ATLANTA – The city of Atlanta is hot for a more efficient method of repaving rugged neighborhood streets.

When Ricky Carter saw two large vehicles rambling down Wesley Avenue with fire blazing beneath them, he couldn’t stop watching.

“This caught my eyes,” says Carter. “I ain't never seen nothing like this.”

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Using a contractor, the city of Atlanta is giving neighborhood streets a fresh look while recycling the old, damaged asphalt, all at a temperature of 375-degrees.

“The asphalt on the street is reused in place,” says Atlanta Public Works Commissioner William Johnson. “It’s reconditioned in place and extends the life of the street eight to ten years.”

Traditionally, crews file away damaged asphalt in a process known as milling. It leaves a rough surface until crews can return to add a new layer.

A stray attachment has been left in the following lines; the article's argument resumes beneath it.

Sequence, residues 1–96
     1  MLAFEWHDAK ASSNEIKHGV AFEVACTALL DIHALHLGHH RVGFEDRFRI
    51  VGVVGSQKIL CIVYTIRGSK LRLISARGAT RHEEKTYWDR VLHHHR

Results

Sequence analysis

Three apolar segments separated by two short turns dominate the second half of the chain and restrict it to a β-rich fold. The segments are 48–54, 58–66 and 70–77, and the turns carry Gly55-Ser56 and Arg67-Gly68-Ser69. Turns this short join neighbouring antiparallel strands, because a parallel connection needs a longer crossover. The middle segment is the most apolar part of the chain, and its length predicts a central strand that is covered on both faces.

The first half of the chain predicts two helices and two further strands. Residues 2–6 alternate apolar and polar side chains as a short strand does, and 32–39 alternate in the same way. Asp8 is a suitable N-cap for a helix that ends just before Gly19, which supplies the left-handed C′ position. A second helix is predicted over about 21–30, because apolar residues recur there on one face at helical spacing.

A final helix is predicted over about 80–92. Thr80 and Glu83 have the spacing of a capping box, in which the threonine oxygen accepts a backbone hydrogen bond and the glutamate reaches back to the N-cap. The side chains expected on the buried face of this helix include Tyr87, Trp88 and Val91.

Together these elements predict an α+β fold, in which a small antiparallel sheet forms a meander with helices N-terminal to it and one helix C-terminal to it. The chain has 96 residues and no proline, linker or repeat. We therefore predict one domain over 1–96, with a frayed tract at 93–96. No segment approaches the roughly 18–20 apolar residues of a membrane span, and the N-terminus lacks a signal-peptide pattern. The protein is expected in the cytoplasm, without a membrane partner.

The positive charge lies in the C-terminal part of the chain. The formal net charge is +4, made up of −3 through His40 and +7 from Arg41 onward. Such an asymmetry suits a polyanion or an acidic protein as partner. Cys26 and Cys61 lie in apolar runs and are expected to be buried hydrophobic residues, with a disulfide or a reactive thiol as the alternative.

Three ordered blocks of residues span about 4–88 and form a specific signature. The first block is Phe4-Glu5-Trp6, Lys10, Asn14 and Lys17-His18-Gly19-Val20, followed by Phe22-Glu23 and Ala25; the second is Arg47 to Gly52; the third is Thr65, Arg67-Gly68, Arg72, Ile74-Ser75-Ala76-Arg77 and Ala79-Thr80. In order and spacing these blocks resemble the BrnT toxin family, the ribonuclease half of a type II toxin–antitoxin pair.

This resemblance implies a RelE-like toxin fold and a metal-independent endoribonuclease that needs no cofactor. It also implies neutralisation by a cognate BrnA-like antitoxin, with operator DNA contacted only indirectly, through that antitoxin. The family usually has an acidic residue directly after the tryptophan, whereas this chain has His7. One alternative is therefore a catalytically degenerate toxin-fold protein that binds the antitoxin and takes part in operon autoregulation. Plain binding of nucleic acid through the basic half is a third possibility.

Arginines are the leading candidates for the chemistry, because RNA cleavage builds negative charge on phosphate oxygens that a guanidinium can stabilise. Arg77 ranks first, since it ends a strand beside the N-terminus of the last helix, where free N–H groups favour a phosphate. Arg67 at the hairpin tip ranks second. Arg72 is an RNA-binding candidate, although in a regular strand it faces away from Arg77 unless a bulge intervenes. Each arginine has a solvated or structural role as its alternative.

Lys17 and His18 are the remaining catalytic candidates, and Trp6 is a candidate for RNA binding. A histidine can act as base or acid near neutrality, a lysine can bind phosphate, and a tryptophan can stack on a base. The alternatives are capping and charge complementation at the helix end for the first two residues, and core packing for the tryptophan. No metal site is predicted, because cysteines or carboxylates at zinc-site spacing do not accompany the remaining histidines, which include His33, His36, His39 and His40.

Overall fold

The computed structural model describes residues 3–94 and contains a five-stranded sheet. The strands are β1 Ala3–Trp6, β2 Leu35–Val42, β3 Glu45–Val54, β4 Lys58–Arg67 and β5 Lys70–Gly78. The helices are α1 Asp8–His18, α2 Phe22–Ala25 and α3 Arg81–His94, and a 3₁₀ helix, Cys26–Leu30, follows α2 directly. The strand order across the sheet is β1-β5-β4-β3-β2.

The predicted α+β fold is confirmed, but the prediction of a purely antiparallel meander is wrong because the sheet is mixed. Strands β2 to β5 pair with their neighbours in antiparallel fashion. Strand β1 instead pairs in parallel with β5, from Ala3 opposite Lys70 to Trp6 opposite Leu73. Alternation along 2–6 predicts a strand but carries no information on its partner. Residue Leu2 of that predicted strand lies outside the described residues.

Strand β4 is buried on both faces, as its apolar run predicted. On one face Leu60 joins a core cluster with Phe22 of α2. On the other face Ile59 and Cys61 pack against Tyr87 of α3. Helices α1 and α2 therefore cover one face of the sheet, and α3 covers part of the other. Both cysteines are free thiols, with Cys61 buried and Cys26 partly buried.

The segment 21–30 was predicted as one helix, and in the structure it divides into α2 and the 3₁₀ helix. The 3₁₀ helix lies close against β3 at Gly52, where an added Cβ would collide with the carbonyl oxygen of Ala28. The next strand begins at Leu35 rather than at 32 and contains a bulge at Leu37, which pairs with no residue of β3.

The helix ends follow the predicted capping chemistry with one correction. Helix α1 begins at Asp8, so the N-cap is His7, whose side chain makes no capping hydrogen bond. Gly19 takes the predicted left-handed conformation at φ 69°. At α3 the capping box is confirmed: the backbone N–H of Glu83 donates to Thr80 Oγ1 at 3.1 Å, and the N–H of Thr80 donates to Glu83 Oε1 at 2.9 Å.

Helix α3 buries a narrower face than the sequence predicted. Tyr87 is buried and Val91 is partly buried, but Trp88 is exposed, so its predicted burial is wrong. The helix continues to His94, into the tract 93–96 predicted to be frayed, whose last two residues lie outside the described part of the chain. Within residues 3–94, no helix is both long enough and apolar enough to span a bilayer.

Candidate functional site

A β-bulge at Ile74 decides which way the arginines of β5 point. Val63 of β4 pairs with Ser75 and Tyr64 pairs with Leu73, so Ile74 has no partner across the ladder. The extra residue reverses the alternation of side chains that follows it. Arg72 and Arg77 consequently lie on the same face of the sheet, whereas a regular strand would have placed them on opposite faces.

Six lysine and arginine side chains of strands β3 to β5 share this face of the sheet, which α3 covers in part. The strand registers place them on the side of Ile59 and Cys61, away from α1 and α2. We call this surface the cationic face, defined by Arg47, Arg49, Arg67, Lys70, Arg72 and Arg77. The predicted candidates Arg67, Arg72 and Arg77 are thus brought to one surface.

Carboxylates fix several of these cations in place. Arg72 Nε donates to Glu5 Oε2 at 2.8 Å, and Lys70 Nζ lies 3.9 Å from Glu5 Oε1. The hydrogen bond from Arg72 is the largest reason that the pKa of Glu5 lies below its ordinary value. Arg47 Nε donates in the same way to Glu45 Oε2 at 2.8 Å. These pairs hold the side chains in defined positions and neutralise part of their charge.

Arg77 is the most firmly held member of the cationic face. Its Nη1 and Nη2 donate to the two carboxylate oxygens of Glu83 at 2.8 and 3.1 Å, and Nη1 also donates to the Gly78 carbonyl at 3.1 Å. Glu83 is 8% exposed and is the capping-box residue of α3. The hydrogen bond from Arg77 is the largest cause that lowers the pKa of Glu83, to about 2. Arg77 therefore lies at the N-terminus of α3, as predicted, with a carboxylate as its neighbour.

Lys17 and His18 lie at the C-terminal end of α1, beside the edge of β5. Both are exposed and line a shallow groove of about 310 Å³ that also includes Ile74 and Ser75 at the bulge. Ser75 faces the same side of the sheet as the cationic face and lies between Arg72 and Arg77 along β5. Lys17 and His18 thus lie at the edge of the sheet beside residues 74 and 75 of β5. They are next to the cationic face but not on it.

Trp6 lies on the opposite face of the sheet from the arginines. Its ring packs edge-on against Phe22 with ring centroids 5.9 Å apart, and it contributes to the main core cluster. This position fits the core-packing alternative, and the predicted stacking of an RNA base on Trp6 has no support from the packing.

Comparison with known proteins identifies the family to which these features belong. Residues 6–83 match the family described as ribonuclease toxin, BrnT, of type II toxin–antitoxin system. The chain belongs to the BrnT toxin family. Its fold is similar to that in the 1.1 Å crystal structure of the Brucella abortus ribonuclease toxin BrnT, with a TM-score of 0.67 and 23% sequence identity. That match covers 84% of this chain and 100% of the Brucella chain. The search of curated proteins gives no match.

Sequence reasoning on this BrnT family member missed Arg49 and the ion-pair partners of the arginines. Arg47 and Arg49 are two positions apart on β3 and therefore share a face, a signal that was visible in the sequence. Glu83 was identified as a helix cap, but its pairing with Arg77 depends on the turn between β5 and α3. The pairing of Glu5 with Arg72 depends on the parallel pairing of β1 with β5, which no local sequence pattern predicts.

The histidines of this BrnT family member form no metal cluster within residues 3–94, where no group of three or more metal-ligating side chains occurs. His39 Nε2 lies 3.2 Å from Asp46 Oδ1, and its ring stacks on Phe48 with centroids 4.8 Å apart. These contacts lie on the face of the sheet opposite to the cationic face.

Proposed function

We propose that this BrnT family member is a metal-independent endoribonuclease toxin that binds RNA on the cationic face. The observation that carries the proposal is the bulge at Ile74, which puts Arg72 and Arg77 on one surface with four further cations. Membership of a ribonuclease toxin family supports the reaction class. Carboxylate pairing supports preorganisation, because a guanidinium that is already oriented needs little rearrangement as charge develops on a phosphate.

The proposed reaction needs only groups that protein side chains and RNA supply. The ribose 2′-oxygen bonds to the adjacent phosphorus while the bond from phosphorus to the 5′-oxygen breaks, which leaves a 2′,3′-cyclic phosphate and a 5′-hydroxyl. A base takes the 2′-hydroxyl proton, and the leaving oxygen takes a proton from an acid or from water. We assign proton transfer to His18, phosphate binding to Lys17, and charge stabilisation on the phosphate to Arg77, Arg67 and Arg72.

In the process known as “hot in-place asphalt recycling”, crews cook the street’s damaged asphalt. Once the asphalt is softened, it’s collected and mixed with some fresh asphalt and an oil based rejuvenator. The mixture is 80% recycled asphalt that is used to create a fresh surface. All that’s left is to add a sealant.

Johnson says it’s 30-percent faster than the old method.

The city has a list of sixty-one neighborhood streets that will be repaved using this new method. The Public Works Department is using a contractor, but may consider buying its own equipment to do the work in the future.